What’s the most unusual thing you’ve ever found on a beach?

I found a clay smoking pipe on Caspersen Beach, near Venice. It looks much like a pipe that Native Americans or Caribbean Islanders might have smoked hundreds of years ago, but probably isn’t that old. Perhaps it fell from a passing cargo ship. Who knows? It was a great find!

I know that water clarity changes on a daily basis, but which beaches typically have the clearest water for snorkeling/shelling?

I’ve actually written a blog post on this and it happens to be the most popular article on my blog at BlogTheBeach.com. Panhandle beaches from Pensacola to around St. Joseph Peninsula generally have very clear water. Beaches from Anna Maria to Naples often have very fairly clear water, especially during May and June before the rains start, but clarity varies and can be inconsistent. On the Atlantic side, the beaches from about Palm Beach south to Miami usually have very good water clarity.

What do you personally look for in a beach in order for it to qualify as great beach?  Is it the shelling, the snorkeling, sitting in the sand, watching sunsets, the parking?

It depends on what I’m in the mood for mainly. But overall, it’s the vibe. I prefer quiet neighborhood beaches where I don’t have to fight traffic and I can just pull into a shady parking spot right next to the beach access trail. I like beaches where there is no crowd—just a few locals and vacationers staying nearby--and where I can see plenty of greenery and no high rise buildings. Clear water is a plus. I don’t care if the sand is white or brown or if there are lots of shells. Late afternoon and sunset are my favorite times at the beach. I don’t want to smell cigarette or cigar smoke, and I don’t want to hear traffic noise or loud music.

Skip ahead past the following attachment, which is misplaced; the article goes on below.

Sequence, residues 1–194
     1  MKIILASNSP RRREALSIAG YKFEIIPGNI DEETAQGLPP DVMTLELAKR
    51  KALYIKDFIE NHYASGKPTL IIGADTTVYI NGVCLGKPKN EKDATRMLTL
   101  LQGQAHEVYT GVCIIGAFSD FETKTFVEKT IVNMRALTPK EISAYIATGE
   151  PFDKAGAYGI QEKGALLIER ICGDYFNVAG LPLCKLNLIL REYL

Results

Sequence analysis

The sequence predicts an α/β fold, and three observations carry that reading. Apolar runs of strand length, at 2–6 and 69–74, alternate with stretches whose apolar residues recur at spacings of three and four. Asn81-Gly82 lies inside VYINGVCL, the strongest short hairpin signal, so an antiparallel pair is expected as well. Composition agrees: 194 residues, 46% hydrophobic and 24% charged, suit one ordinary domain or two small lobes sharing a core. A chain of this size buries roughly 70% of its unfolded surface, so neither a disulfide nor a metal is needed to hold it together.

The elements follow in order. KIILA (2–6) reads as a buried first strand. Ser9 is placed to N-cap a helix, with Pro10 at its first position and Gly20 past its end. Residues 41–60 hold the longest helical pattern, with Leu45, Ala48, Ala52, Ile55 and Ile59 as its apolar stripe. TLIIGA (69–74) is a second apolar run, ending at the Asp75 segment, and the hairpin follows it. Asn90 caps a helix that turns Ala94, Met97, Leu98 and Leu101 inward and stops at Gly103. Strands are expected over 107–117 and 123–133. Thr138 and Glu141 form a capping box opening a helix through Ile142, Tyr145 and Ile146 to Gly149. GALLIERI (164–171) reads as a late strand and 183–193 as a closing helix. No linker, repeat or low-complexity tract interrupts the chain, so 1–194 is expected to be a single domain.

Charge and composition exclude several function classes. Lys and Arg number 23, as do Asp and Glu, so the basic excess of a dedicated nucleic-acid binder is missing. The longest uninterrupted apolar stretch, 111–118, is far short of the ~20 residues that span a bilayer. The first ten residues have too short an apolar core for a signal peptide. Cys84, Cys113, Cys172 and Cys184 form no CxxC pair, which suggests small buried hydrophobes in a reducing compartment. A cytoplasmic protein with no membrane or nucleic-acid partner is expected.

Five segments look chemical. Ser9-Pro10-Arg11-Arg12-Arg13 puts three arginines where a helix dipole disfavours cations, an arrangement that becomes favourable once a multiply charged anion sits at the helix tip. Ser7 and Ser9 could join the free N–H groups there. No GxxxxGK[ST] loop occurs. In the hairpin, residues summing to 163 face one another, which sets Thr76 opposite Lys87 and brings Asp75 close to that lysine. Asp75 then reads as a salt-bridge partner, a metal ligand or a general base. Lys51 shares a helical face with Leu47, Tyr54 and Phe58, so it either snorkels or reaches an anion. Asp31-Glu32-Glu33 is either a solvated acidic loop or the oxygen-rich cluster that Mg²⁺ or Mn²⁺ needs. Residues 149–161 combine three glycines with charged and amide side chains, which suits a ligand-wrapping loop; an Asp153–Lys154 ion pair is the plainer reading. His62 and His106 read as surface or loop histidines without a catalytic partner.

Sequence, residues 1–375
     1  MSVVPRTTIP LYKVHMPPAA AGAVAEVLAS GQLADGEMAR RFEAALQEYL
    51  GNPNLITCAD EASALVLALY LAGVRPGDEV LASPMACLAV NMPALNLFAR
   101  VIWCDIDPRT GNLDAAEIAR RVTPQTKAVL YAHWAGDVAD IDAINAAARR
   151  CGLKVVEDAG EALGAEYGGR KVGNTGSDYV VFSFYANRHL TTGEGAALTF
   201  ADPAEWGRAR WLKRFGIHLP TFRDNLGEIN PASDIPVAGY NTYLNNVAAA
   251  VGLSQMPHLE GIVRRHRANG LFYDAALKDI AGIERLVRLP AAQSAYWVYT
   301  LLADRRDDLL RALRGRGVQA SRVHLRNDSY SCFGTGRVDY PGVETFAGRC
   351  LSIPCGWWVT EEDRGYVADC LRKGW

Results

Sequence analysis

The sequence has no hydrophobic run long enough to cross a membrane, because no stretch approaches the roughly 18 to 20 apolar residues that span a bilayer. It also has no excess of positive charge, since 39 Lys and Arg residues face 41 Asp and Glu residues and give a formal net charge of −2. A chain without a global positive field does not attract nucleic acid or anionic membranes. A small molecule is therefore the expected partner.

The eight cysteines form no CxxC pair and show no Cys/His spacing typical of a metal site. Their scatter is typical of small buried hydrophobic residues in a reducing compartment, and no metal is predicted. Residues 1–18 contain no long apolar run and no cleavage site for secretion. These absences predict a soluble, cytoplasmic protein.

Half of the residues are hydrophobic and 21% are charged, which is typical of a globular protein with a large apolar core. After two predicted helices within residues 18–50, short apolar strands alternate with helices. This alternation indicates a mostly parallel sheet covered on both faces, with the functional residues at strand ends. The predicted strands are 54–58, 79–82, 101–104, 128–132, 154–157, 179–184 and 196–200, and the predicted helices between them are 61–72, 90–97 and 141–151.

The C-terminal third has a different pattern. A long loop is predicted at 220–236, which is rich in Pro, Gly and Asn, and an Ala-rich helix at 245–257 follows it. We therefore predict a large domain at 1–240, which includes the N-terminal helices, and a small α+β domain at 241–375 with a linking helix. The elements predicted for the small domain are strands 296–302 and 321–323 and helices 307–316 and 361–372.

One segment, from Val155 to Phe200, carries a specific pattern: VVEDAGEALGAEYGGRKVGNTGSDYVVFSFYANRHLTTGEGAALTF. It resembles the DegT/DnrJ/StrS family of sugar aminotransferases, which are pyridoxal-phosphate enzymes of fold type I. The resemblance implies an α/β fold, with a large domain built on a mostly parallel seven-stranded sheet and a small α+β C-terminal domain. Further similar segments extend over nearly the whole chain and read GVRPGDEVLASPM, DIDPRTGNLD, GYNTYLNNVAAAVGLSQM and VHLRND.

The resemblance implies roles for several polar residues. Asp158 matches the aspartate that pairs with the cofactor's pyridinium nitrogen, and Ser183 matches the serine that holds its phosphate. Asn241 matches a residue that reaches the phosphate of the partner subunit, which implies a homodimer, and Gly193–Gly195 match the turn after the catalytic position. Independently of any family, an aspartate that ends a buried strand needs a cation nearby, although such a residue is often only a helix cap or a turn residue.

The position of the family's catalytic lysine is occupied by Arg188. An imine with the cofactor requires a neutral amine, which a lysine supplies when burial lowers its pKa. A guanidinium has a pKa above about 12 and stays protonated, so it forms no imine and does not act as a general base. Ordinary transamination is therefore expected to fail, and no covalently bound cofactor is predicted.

Describe your best beach day.

My best beach days actually happened when I was a teenager. I spent many wonderful days surfing with good friends on Anna Maria Island. I’ll never forget those times and those friends. More recently, my best beach day is harder to pinpoint, but my first trip to Sanibel Island, Bowman’s Beach and Captiva, --before Hurricane Charley blew over all the Australian Pines--was probably one of the most magical beach and island exploration days I can remember. My first trip to the beaches of Cayo Costa aboard the Tropic Star rates pretty highly as well.

So going to the beach is technically your “job.”  What do you like to do for fun?

I still go to the beach for fun. I enjoy kayaking as well. I’ve been a life-long birder and also enjoy working in my vegetable garden almost every day. For indoor activities, I’ve been an avid Argentine Tango dancer for over 15 years and I still pursue that passion as my schedule allows.

What advice would you give aspiring travel writers?

Oddly perhaps, I don’t really think of myself as a travel writer but I guess that would be a conventional description of my beach related writing. My advice would be to pick some angle or niche that you can specialize in. Become the “go-to” expert in that niche. Don’t be afraid to start off by self-publishing. Learn to take good photographs and to use social media. Create a lot of content. The biggest challenge in travel writing is that so many travel writers are willing to work for free or nearly free. That’s some pretty tough competition. Don’t undervalue yourself. Learn to write persuasive sales copy. Don’t quit your day job too soon.

I'd like to thank David for his interview and for giving me the opportunity to review his book "BeachHunter's Florida Gulf Beaches Access Guide."  It's available on his website and also at Amazon.

4 comments:

  1. Replies
    1. excellent information, even for the locals. :-)

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  2. LOVE this book! Thanks for interviewing the author - it's nice to "know" who wrote the book.
    For those who haven't purchased this book yet, I say: GO GET IT! you won't be disappointed!

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    Replies
    1. I totally agree Moira - I love to hear more about the authors.